Over the last few months, controversy has surrounded movie provider Netflix. Netflix allows members to rent movies via traditional mail as well as provides streaming content. In many American households Netflix gets its own line item in the budget. I have had their service off and on for almost 10 years.
Starting this summer, the company drastically started lost membership by increasing subscription fees. Then earlier this fall, the company announced it was starting an additional company to handle its mail order DVD service, and Netflix would only concentrate on streaming content. Multiple problems arose and Netflix took a pretty heavy loss, with half the stock value dropping last month.
Yesterday they announced they are not moving to the two company structure and are going back to the previous model, as well as not changing pricing structures again. While some agree that this change back was needed, others see it as an attempt to cover their bottom line and hopefully regain capital and their momentum as a market leader. Serious street cred has been lost.
The situation can really speak into how churches make shifts in their various services/offerings and programs.
1. Major shifts cannot be made behind closed doors with a select group.
While we can't expect a company to announce, "Hey we will be raising prices...what do you think is fair?", a certain level of transparency is expected today. Certainly the folks at Netflix thought this was all a good idea and would provide a better experience. But ultimately, they assumed a value that simply wasn't true.
In churches we often make some pretty major decisions with just a couple of people. A few years back at Willow Creek's leadership summit, Bill Hybels surprised the crowds by openly admitting his previous idea of leadership was flawed. Where in the past he felt folks needed him to come up with these dramatic plans and then implement them, in fact the church themselves wanted to be part of visioning process.
Current younger generations feel a level of ownership inside their churches and calling them to leadership means making them involved in the process of leadership...not just shoring it up. Innovation implementation should go through the hands of the people. After all, it is their community we are trying to impact.
Don't drop major shifts in peoples laps.
2. Cultural patterns inform shifts.
Netflix was attempting to read a hole in the market. Their new split program allowed them to rent video games as well as movies. While this move did provide a new service, it did so at the expense of many other things. Namely, for folks who wanted to both get content by mail as well as by stream, two accounts would need maintenance. For an increasingly mobile world it doesn't work. This one positivc change didn't override the other negative changes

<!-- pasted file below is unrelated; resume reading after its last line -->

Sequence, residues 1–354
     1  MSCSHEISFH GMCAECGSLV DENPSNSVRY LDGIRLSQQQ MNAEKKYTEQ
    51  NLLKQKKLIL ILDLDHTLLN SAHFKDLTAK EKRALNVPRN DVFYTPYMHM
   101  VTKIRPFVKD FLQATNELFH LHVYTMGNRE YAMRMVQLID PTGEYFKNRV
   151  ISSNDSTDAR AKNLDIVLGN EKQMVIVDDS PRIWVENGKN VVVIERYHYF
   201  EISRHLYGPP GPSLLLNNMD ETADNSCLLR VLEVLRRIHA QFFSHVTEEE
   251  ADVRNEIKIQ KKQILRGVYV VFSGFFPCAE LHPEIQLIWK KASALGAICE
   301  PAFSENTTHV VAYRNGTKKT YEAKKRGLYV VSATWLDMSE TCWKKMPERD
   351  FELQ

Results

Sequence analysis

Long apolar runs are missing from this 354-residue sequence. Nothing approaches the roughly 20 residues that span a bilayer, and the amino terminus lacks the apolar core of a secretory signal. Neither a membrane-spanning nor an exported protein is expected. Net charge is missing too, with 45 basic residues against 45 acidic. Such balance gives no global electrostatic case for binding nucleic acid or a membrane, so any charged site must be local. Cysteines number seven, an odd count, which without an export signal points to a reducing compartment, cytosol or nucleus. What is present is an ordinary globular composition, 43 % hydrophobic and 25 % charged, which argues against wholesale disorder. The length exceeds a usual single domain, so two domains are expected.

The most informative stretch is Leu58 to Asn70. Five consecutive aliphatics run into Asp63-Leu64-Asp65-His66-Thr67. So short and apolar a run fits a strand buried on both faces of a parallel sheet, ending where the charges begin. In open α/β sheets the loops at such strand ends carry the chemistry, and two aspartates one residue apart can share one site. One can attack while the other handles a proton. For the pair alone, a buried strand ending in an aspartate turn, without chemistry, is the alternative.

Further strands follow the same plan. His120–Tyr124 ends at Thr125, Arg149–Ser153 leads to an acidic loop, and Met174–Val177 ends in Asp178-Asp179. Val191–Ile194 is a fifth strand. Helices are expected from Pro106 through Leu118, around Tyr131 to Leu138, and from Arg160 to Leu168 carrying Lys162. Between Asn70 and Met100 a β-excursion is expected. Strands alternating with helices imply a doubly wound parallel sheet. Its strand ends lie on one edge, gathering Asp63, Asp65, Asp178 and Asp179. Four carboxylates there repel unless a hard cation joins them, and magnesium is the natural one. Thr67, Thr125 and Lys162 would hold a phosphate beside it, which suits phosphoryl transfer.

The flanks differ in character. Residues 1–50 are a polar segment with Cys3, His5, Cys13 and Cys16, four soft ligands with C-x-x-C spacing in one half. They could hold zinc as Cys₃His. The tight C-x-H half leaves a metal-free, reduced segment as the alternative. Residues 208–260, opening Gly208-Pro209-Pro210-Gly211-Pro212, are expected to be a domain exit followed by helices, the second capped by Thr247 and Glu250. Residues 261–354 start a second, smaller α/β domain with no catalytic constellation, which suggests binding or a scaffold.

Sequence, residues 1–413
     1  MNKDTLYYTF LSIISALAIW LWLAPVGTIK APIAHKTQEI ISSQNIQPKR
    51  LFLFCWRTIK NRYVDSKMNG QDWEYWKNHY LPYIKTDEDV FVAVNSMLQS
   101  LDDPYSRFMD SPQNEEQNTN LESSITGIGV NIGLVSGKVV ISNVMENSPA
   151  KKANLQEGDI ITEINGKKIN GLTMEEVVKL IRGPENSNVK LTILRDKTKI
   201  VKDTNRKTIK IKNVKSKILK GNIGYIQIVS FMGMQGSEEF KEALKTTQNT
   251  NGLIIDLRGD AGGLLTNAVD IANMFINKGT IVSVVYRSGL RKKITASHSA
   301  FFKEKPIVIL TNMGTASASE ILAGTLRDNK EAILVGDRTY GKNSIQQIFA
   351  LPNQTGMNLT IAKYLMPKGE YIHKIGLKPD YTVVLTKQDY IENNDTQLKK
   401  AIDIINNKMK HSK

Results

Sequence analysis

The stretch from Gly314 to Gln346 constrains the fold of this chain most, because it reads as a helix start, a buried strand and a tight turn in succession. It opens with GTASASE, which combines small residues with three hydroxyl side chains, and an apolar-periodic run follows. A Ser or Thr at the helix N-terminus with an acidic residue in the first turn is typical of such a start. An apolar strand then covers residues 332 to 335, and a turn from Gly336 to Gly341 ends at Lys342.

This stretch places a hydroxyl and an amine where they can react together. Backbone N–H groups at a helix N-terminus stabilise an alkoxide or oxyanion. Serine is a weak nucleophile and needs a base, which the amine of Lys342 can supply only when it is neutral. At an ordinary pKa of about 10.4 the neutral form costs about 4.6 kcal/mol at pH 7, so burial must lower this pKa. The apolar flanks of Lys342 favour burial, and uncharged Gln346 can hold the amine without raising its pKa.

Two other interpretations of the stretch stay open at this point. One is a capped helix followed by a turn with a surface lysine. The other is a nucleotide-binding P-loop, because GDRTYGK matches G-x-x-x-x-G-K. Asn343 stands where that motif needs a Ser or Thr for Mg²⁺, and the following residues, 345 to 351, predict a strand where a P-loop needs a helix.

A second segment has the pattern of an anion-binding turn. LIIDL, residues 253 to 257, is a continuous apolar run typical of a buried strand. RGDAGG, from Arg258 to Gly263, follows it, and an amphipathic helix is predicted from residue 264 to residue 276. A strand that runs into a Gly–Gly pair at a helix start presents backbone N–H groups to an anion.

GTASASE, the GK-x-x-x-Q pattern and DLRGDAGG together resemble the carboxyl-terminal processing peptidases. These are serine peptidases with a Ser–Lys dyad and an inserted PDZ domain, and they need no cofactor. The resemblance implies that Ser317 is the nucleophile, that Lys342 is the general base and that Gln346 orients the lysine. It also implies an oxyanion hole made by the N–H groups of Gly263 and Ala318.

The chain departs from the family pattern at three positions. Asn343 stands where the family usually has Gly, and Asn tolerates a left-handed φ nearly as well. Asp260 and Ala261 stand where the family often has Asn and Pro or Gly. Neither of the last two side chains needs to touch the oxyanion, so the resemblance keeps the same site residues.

Any sort of shifts we feel are important for church must take cultural patterns seriously. Things have changed!
Years ago, the only movie rental option was your local Blockbuster. No matter if the movie was in, if it was in good shape or quality of customer service, almost everyone had a Blockbuster card. You couldn't get around it. You dealt with the negatives because you wanted to rent Ernest Goes to Camp.
Now there are options. You can stream through several places, you can rent through Redbox, you can drop by a brick and motor or you can use Netflix by mail. We aren't that loyal either. Whatever is the quickest way to get a movie usually is the option we take.
Church is the same way. We need to take in account for contextual shifts. This might mean worship at a time beyond Sunday morning, small groups meeting in non-traditional locations or exploratory looks at worship music. The local context shapes how the local church worships.
Remember that people LOVED Netflix before these issues. Loyalty is a increasingly relative concept in our times. When church begins to no longer make sense, it will show and people don't have emotional attachements as strong as in the past.
When investigating a shift remember culture matters.
3. Shifts always lead to better culture.
In the past, single provider business could make these sort of monumental decisions. That is why we have monopoly laws. Netflix could have assumed people would just roll with these changes because they needed the product that much. Netflix, as a company embraced by new media and business, acted very much with an old and outdated model. They neglected to bring what consumers now value the most; a better culture.
In church, we have to consistently be thinking about how our shifts lead to a better expression of the gospel of Jesus and the proclamation of the in-breaking Kingdom of God. If our shifts do not provide a better expression of this, we aren't being faithful to our mission.
By drawing into "butt cover mode" these new recovery shifts by Netflix also failed to provide better culture. A bad taste was left in the mouth of the customer.
When having these discussions in a church context we have to remember the fine line between prophetic voice and worship consumption. We aren't selling a product, but we are in the business of gospel transformation. We have a different set of rules we play by. Sometimes what we do doesn't make fiscal sense...but it makes kingdom sense.
Shifts in our churches must always lead to a better vision of Jesus.